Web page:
Cronus and Rhea, another sizzling brother-and-sister act, pretty much the norm for those kinky
Titans. (It's always nice when kids emulate their parents. As someone has said: Incest,
like charity, begins at home.) There was solid tradition for all this; the Egyptian gods
Osiris and Isis were not only husband and wife but also brother and sister, and indeed the
cup of classical mythology runneth over with such doings, almost more family coziness than
the mind can grasp.

My point, though, is not to frown upon the ancient gods, however wayward, for getting it on
with their siblings. My point, rather, is that such fooling around, over time, must lead
to genetic aberrations in the divine generations that follow.

Indeed my claim is that in the evolution of the gods from polytheism to monotheism (where,
in practice, mono- means not "one god" but "one god at a time"), the thing that has
produced such appallingly degenerate gods as those we have nowadays is-- you guessed it--

Mate brother with sister, daughter with father, mother with son, over and over, and see
what happens.

After all, the gods do evolve. We must not regard them as being exempt from the laws
of genetics. Evolution happens due to the gradual mututional modification of DNA, and
nothing makes for mutation like close relatives going in for a good thrashing romp in
the hay as often as these guys did.

It comes as a surprise to a lot of people that the gods, too, have DNA. Of course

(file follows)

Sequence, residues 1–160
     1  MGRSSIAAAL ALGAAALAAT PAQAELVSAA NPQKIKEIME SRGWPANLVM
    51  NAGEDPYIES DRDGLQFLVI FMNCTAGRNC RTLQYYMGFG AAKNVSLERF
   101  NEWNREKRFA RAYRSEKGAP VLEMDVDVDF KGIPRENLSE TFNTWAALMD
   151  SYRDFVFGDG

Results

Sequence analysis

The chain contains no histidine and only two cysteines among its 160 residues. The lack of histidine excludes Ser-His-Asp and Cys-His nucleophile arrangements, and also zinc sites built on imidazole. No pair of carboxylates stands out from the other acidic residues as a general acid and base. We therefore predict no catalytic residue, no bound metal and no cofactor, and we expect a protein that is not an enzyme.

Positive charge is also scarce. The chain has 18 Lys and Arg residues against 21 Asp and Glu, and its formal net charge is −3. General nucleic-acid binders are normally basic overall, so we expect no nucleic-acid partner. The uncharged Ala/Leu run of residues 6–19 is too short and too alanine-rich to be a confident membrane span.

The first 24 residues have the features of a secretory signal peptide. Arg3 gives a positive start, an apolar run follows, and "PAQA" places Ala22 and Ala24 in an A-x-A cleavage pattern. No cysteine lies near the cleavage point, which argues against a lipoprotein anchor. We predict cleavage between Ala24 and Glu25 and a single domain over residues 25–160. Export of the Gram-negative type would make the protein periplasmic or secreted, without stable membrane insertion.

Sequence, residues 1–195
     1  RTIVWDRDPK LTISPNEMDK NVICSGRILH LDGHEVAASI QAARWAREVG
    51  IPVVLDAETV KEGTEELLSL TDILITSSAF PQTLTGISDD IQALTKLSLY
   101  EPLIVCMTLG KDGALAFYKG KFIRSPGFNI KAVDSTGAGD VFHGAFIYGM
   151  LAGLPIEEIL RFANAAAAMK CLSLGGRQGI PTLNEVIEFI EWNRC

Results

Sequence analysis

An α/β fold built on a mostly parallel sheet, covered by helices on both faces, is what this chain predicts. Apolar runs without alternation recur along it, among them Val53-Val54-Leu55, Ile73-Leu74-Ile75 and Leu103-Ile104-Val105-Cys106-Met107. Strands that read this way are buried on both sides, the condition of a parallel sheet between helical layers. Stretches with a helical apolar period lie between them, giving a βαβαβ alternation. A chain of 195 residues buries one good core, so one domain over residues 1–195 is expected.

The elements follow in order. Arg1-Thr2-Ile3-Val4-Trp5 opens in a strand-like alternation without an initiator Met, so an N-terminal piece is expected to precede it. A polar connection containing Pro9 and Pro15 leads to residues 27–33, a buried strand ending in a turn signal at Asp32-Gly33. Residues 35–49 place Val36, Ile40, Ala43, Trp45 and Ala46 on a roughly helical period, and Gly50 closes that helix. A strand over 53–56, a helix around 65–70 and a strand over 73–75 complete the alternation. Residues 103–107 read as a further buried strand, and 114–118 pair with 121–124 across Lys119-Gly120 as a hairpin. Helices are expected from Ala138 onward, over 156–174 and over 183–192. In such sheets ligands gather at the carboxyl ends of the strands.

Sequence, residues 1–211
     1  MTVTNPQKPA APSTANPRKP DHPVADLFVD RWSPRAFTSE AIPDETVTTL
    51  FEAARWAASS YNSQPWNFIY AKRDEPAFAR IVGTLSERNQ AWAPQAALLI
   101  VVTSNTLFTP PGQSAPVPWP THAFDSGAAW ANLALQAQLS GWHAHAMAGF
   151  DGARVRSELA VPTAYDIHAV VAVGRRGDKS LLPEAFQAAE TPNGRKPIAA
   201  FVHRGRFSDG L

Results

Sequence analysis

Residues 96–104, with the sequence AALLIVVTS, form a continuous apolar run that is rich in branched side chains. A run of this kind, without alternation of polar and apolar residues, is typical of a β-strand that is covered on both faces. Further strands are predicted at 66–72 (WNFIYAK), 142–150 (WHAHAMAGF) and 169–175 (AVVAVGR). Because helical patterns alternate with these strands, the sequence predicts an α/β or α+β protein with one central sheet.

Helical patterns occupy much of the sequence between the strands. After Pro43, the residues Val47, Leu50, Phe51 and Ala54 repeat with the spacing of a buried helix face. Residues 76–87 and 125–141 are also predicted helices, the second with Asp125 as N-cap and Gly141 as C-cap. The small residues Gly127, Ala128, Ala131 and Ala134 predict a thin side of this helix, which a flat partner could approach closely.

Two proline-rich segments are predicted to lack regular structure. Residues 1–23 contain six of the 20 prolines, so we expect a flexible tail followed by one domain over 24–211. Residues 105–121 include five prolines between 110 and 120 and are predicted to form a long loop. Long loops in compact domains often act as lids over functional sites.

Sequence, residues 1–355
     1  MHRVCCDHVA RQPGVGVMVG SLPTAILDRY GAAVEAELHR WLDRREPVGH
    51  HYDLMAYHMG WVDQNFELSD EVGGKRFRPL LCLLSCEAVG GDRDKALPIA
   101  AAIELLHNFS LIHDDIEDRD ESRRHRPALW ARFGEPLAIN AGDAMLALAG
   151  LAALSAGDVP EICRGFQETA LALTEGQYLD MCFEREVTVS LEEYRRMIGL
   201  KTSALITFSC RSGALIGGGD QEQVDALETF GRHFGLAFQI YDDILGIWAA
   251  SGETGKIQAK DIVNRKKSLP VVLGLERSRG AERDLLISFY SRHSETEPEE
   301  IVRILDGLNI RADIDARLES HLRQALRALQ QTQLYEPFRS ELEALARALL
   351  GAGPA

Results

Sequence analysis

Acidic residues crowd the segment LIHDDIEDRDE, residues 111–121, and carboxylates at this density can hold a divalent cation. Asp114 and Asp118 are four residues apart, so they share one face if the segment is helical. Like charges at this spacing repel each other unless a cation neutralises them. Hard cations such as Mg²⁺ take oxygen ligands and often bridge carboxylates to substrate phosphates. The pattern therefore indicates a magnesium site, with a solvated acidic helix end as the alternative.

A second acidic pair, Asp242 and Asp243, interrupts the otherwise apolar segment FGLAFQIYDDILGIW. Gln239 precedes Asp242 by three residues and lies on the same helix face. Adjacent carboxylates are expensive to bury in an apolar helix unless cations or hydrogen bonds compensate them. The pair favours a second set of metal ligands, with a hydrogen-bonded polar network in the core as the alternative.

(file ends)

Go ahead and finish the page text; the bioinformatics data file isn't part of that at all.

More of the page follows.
humans are humans and gods are gods, and there are some differences. For the gods,
DNA stands not for deoxyribonucleic acid but rather de-orthodoxy-ribo-nu-cleric acid.
(Some etymologists, as well as some entomologists, speculate that the prefix de- in
this form is a contraction of the Latin Deus. God only knows.)

For deities, DNA is composed of four nucleotide bases called adamine(A), theomine (T),
goddine (G), and cynicine (C). A bonds with T, G bonds with C, in base-pairs like rungs
on a ladder, to form tediously long strands of DNA, each twisted into a helix or, in the
case of goddesses, a shelix. The God-DNA organizes itself into bundles called Cronus-somes
and forms a complex genome that replicates indefinitely to transmit the gods' characteristics
down through the ages, though sometimes with mutations. Things like Zeus boffing his sister
can really play hell with those base-pairs, sooner or later, so all bets are off when you
start that way, breeding gods.

Obviously those ill-advised encounters enjoyed by the older families of gods eventually
had disastrous consequences for the genes that were to spell out the nature of such later
gods (the new kids on the block) as Allah and Jehovah. The simple fact is, sad to say,
they were born deformed, myth-begotten, the victims of inbreeding by their sacred
ancestors. We can essentially thank those horny siblings of yore for producing the gods
of the Bible and the Koran. So now we're stuck with a new breed of skydwellers who, let's
face it, just aren't the fun chaps their forebears were.

It's a pity, heaven knows, these dreary new gods. But maybe if we just ignore them,
they'll go away.